Muzzling young democracy enthusiasts is not easy. Ask the Junta's leaders in Burma. Or Meles Zenawi of Ethiopia. Having failed to stop people using text messaging to organize during the election, the Meles administration had switched off the SMS service. It is back now; and so are the political exchanges. On Tuesday, just hours after the American House of Representatives passed HR2003, people started to text each other, expressing their delight. "Demachin Feso Aykerim. Enkuan Des Yalen Ethiopiayawiyan," one texter's message reads.
Since the Bill's passage by the International Affairs Committee of the house, a lot of young Ethiopians have turned into amateur commentators on the American law making process. Professor Al Mariam's statements about the Bill's progress on the VOA are qouted in the middle of conversations. Some are worried about President Bush's veto. But then they mention Al Mariam's analysis that Bush isn't a kind of leader who uses his veto power frequently and their faces flicker with hope. Some are concerned about what would happen to the Kinijit delegate members who supported the bill openly when they come back to Ethiopia. Some praise US congress members and marvel the democracy in America. They wonder how representatives from George Bush's party voted for the bill in the face of opposition from him. They know that in Ethiopia the law is what Meles says.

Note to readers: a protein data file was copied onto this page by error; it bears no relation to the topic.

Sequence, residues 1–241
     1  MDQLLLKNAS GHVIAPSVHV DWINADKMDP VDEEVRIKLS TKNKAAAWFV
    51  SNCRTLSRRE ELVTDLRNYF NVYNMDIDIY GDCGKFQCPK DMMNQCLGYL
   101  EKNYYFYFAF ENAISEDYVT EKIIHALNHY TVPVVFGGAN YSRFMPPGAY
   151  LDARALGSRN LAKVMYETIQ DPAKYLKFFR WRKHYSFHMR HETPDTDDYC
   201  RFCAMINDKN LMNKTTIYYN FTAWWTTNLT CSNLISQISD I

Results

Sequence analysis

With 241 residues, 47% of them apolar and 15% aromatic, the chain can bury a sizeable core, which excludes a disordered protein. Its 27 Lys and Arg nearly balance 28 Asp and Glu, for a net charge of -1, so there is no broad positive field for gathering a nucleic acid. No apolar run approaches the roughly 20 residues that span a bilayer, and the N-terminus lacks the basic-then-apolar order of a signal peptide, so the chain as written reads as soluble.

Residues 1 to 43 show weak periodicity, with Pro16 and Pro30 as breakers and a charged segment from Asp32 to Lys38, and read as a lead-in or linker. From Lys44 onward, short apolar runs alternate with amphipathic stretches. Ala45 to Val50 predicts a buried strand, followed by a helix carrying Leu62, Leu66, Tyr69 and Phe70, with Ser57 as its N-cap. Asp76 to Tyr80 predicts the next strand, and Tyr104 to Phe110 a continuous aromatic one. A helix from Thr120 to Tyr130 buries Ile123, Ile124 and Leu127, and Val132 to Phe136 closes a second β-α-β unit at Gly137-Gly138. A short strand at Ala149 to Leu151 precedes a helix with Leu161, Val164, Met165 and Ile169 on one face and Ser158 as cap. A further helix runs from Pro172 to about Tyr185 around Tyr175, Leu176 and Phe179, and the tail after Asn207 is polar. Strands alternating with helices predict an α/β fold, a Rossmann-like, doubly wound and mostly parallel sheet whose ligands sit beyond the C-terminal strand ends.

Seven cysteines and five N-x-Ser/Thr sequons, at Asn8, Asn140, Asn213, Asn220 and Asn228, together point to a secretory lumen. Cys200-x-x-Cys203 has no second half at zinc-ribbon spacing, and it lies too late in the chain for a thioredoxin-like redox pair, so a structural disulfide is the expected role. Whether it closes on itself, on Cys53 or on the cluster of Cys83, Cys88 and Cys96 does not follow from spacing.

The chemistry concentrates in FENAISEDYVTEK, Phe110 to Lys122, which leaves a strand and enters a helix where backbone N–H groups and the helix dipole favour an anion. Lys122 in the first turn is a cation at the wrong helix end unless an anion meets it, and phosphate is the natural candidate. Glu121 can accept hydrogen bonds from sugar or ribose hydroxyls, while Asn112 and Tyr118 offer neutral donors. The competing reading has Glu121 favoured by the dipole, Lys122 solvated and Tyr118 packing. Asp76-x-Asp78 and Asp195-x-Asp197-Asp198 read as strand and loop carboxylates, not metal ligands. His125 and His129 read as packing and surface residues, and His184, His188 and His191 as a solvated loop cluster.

EPRDF supporters are furious. In their spin room at the Sheraton - the Office Bar - Costantinos Berhe and co. lampoon American politics. Rep. Donald Payne is a favourite target. His intellect is questioned. Ted Dagne's role in manipulating the congressman is mentioned. Self appointed investigators explain how Payne's sympathy for the Eritrean cause is what is behind his drive to see the Ethiopian government destroyed. But like the young democracy enthusiasts, the EPRDFites at the office bar aren't without hope. They claim that senators understand America's strategic interests in the Horn of Africa better than members of the house of representatives. They bask in the expectation that enough senators will say "Nay" to a bill which makes the Meles regime accountable to fundamental human rights laws and principles.